What's your go-to cheapie cartridge?


Let's say $300 or less. This would be your "y'know, this thing is pretty darn musical even though I've got higher end carts" cartridge. In my case I'd have to say it's my 103R. Not as transparent or fast as a lot of my better carts, but it sails smoothly through the grooves and just sounds good. 
tonyptony
@stevecham u know it !!!!
A little north of your limit on price, but the  Denon DL-301MK2 is a bargain at $400.  I bought my last one for a lot less when Comet Supply was still selling them.
Have to be a vintage mm cart.
ADC XLM mk2 or ADC ZLM. or Sonus Gold Blue.

All judicious eBay buys at under $300.

All get rotated in turn with some newer lomc carts and give me great pleasure.

Now let’s just wait for Chakster and his cart nominations..
@tonyptony maybe not exactly $300, but very close to it under $450 if you're lucky:

Audio-Technica AT-ML150 OCC would be a perfect choice within your budget. It is a good start, two other upper models in this series are simply the best ever, but for the price you stated the AT-ML150 OCC is the best choice (imo) and far superior in comparison to Nagaoka or any new MM in the price range for up to $700 today.

JUST LOOK at THE AT-ML150 OCC SPECS:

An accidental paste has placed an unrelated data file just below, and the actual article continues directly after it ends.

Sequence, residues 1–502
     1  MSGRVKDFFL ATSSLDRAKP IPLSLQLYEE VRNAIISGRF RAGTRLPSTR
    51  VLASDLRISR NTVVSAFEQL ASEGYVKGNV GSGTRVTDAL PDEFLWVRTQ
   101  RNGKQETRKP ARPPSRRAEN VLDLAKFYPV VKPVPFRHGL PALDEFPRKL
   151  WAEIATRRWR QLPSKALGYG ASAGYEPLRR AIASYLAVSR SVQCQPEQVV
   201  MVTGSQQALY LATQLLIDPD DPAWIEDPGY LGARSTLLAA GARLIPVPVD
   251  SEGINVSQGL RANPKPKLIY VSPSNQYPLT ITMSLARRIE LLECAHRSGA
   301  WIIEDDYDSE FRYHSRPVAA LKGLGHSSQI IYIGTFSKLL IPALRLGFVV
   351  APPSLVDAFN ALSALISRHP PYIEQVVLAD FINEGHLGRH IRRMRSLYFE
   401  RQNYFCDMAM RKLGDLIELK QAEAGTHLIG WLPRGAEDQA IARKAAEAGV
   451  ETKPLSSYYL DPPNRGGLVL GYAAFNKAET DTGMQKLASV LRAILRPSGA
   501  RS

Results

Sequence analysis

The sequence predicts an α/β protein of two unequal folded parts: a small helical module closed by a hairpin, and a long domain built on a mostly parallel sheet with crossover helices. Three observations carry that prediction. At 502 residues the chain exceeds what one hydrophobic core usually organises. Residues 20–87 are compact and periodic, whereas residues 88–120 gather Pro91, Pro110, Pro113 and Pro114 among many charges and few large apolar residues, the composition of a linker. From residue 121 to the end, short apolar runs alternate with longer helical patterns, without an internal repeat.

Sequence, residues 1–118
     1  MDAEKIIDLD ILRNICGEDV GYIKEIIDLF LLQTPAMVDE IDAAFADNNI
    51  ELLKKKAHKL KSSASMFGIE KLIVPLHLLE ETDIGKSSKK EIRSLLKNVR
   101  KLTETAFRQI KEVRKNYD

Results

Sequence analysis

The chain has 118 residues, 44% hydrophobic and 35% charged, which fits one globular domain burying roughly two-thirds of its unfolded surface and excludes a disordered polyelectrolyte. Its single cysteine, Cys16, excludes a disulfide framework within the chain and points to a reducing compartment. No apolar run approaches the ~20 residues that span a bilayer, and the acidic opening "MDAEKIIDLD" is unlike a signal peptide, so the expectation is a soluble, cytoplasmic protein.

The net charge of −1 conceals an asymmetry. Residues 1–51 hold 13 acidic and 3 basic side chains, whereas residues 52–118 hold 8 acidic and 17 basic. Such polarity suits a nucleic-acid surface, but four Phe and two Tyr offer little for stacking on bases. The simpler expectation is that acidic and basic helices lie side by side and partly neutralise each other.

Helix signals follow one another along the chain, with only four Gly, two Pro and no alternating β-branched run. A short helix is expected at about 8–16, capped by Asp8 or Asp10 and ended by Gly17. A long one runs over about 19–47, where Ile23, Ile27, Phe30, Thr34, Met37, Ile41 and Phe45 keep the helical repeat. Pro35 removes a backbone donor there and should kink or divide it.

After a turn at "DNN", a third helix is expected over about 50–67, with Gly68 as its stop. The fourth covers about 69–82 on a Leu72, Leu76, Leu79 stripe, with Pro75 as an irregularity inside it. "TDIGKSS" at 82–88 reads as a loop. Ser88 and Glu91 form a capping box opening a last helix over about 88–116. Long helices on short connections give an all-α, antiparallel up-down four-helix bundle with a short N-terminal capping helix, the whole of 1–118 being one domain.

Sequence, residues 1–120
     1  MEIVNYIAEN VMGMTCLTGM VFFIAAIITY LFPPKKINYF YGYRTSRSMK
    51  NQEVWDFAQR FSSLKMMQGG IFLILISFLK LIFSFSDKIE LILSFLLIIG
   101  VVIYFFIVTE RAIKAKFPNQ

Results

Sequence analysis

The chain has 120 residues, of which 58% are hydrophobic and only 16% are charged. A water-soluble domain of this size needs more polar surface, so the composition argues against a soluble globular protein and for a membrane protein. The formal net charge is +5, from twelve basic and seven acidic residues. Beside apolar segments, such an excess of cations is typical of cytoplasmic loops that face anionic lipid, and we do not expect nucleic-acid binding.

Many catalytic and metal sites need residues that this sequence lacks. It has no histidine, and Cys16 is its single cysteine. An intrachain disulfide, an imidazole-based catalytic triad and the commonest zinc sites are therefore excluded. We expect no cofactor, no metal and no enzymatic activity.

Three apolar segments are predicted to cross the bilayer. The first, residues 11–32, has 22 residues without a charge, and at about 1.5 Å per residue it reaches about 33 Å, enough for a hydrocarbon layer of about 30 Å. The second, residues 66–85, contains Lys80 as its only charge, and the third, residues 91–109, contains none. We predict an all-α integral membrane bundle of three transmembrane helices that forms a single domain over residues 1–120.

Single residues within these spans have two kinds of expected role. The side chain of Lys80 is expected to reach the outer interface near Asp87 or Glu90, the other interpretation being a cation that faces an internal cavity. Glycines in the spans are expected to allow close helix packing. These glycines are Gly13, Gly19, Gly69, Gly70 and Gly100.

Frequency Response (Hz): 5 - 42,000 !!!

Vertical Tracking Force: 1.25 +/- 0.3

Tracking Ability (microns) at center value VTF: 90

Tracking Ability (microns) at upper value VTF: 100

Channel Separation (dB at 1kHz/10kHz): 31/21

Channel Balance (dB): 0.5

Output (mV at 1kHz), 5 cm/sec): 4

Vertical Tracking Angle: 23 degree

Stylus Shape: MicroLine

Stylus Construction: Nude Square Shank

Cantilever: Gold-plated BERYLLIUM

Wire Uses For Coil: PCOCC

Recommended Load Impedance (ohms): 47,000

Recommended Load Capacitance (pF): 100 - 200

Dynamic Compliance @ 100Hz: 10.0

(* Dynamic Compliance @10Hz will be around 18-20cu)

Static Compliance: 40.0

Cartridge Weight (grams) 7.5

Replacement Stylus: ATN150ML


KEY FEATURES:


AT-ML150 OCC Vector-Aligned stereo phono cartridges feature an original design patented by Audio-Technica around the world. The key to this mechanism is the two magnetic generators arranged in the shape of a "V". These two magnets are positioned to exactly match the positions of the left and right channels in the stereo record groove. Major benefits of the Vector-Aligned cartridge include outstanding channel separation, very low distortion and superb tracing performance. As a final attention to detail, even the output terminals are constructed of PCOCC copper. This meticulous care and attention given to every minute detail in both the vibration and generator systems has resulted a significant improvement in the performance and sound quality.


Gold-Plated BERYLLIUM Cantilever.

It’s tiny, gold-plated Beryllium Cantilever provides an extremely rigid yet lightweight platform to which the stylus is mounted. Interestingly, the gold plating acts to damp what little resonance the boron produces.